Show/hide main menu


A rising tide


Plastic pollution in our rivers, seas and oceans is one of our most urgent global environmental problems, yet it hasn’t received the attention or awareness it deserves. But just one glance at the River Thames reveals this to be a very local problem, affecting the river on the university’s doorstep.

Focusing on a stretch of the river from Teddington to the sea, academics and researchers from King’s Departments of Geography, Chemistry and Informatics have been working with artist in residence Maria Arceo to draw Londoners’ attention to the rising tide of plastic.

Since September 2016, Maria has been gathering up plastic from the banks of the Thames. With the help of volunteers, tonnes of plastic have been collected, cleaned, stored and sifted.

200x300px_plasticThe King’s project brings together the Royal Society of Chemistry and Arts Council England as part of the Thames Memories and the Exploration of Future Dust  series of public engagement activities, in a partnership facilitated by the Cultural Institute at King’s. It has involved student volunteers and interns as well as academic staff and the public and has helped to raise Londoners’ awareness of the impact of plastic waste on our environment through an art installation and a science hub, the Thames Plastic Lab, as well as workshops with London schools.

The Thames Plastic Lab, situated on the Somerset House River Terrace, invited Londoners to learn what kind of plastic ends up in the Thames, how it gets there, and what they can do about it. Participants were able to explore and analyse the scientific, historic and geographic properties of the gathered plastic, which was displayed in the context of ongoing King’s research into the plastics found within the Thames catchment. This research ranges from studies of the microscopic chemical components and biochemical properties of the plastics found in the river, to investigations into its distribution patterns and the wider ecological implications.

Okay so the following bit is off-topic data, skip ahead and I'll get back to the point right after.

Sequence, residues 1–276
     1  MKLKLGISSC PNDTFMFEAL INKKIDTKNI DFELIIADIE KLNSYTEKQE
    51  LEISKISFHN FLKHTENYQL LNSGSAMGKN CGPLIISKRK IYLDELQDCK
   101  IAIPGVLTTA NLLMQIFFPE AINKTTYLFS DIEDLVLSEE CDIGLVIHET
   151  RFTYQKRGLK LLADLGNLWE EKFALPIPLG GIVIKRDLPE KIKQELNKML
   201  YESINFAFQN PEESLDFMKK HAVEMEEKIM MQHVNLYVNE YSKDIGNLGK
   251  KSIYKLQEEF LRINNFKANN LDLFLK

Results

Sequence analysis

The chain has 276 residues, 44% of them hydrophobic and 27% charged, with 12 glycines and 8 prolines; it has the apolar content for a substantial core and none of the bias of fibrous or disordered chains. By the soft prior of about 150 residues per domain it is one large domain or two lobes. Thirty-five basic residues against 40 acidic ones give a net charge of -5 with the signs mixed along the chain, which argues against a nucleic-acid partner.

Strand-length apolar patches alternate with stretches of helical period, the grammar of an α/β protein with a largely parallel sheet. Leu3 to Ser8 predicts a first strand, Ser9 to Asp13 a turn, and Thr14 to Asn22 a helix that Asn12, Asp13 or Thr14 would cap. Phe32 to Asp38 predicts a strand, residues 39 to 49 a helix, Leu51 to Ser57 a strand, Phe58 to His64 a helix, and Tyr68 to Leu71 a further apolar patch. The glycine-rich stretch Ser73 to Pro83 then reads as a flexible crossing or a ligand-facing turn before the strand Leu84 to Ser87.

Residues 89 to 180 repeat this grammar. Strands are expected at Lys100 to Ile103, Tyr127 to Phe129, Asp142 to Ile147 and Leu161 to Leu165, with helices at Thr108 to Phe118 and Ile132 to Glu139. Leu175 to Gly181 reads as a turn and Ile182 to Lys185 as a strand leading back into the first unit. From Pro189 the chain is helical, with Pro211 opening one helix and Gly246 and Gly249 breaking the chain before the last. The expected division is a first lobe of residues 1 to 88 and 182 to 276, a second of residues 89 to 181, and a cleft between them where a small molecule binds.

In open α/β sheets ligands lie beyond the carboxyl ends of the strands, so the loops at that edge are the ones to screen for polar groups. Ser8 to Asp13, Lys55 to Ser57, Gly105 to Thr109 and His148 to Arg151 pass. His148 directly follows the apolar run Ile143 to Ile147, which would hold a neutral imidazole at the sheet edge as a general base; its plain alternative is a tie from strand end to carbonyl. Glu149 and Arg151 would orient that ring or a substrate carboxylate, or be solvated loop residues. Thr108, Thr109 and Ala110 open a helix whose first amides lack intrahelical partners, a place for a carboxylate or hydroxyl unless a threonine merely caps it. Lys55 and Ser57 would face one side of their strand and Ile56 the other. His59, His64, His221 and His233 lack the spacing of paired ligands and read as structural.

The plastic waste being studied by King’s scientists will eventually be used by Maria to create a permanent sculpture, serving as a lasting reminder to Londoners of the plastic menace choking the river that flows through the heart of our city. It will also be a symbol of our determination, as a university dedicated to serving the community of which we are a part, to lead the way towards a more sustainable future.

The project is a collaboration between KIng's College London's Department of Geography, students from across the faculties and Artist, Maria Arceo. It is supported by the Cultural Institute at King’s.

Find out more about Maria Arceo's progress here.


more stories from king's & london

Sitemap Site help Terms and conditions  Privacy policy  Accessibility  Modern slavery statement  Contact us

© 2020 King's College London | Strand | London WC2R 2LS | England | United Kingdom | Tel +44 (0)20 7836 5454